How can one explain the structure of experience? What is it that we perceive? How is it that we perceive objects and not disjoint arrays of properties? By which sense or senses do we perceive objects? Does this type of perception require a further sense over and above the five senses?
Aristotle was the first to investigate these questions to a depth that makes his account fruitful even for contemporary philosophy, but also challenging. He addressed them by means of the metaphysical modeling of the unity of the perceptual faculty and of experiential content.
My monograph, with the title Aristotle on Perceiving Objects, submitted to Oxford University Press this summer, reconstructs the six metaphysical models offered by Aristotle to address the above and other related questions, focusing on their metaphysical underpinning in his theory of causal powers. By doing so, I bring out what is especially valuable and even surprising about the topic: Aristotle’s metaphysics of perception is fundamentally different from his metaphysics of substance – which has received so much attention in the last 40 years, generating a Neo-Aristotelian movement in metaphysics.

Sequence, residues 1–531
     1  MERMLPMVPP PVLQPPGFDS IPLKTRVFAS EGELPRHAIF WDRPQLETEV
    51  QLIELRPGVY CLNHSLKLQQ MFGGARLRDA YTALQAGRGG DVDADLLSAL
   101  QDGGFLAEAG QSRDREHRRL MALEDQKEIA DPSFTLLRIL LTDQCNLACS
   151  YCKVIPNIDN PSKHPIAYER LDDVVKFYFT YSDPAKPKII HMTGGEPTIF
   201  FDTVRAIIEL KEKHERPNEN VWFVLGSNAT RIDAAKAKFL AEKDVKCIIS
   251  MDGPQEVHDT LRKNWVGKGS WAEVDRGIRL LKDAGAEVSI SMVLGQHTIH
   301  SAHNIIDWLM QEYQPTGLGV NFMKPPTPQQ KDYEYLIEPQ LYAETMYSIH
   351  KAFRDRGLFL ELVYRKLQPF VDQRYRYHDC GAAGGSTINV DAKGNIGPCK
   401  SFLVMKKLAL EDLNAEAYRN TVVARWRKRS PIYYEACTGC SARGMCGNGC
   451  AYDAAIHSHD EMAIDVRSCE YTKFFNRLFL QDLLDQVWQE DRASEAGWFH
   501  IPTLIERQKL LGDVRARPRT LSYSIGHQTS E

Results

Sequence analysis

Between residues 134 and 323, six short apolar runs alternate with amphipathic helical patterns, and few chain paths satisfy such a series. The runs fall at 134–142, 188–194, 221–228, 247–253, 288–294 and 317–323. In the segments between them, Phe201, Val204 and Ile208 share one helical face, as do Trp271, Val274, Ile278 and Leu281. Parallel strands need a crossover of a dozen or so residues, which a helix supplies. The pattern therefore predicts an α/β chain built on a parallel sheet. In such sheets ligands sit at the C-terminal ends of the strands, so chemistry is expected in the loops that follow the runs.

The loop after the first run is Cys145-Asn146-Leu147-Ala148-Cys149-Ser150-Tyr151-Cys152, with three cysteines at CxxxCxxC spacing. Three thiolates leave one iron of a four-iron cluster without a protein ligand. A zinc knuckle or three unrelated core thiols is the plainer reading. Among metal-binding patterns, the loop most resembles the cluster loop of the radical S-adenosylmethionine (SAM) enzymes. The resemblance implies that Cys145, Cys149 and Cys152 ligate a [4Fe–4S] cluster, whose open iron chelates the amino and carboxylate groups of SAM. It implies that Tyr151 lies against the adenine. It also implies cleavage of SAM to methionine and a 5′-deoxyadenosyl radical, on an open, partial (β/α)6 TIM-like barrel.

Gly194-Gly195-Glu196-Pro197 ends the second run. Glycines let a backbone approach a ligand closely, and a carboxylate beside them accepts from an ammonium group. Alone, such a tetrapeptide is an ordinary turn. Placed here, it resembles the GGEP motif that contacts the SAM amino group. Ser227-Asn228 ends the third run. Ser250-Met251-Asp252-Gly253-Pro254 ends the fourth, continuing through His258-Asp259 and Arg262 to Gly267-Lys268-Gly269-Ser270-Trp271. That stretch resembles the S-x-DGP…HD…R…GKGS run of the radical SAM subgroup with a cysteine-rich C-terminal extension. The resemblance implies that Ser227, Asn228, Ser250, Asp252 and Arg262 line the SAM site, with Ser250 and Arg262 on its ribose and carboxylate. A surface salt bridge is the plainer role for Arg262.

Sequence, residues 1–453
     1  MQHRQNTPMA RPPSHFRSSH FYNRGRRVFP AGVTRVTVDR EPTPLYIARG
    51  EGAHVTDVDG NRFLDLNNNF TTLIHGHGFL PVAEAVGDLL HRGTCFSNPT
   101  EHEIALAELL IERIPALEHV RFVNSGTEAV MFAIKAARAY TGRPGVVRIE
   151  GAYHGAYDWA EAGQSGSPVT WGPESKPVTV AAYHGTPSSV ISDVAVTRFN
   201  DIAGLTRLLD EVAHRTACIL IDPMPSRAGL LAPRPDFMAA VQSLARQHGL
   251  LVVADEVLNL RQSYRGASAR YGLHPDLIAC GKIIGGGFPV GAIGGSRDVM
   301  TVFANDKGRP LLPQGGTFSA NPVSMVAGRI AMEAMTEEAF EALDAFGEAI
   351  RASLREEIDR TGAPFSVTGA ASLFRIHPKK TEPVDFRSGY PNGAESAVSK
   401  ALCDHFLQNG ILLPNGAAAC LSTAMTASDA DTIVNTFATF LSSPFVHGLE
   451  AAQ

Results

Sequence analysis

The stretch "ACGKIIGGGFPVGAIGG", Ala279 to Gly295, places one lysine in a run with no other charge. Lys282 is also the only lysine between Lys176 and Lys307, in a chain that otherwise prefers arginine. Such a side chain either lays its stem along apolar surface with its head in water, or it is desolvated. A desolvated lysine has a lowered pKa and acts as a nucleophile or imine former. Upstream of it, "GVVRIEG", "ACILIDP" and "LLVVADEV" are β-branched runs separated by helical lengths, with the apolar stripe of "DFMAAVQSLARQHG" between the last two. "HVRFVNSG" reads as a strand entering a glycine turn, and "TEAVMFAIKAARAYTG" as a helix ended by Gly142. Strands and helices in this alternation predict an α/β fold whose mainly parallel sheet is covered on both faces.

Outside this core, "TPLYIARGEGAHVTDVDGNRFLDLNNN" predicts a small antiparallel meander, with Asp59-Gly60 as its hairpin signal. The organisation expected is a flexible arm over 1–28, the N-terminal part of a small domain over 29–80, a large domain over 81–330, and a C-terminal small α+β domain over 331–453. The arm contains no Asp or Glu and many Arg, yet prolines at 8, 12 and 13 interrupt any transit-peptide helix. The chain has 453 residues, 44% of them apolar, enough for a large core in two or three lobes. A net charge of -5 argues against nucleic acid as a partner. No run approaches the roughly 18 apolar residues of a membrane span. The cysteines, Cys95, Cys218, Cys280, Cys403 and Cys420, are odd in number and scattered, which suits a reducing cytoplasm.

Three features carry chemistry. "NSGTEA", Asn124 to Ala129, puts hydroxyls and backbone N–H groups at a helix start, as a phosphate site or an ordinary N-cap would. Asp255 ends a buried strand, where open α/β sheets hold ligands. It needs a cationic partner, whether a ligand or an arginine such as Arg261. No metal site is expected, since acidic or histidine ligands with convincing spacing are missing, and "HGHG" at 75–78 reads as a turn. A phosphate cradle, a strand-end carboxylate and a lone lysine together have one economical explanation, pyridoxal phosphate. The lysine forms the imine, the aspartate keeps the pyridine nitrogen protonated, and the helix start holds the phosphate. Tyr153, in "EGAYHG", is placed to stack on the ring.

For generations scholars attempted to fit Aristotle’s metaphysics of perception to his metaphysics of substance. Yet for precisely this reason, his models of complex perceptual content are unexplored territory. This book charts the new territory: it offers an understanding of Aristotle’s metaphysics of the content of perceptual experience and of the faculty of perception; it aims at systematizing them, explicating and exploring them, and at bringing out the metaphysical breakthroughs Aristotle achieved.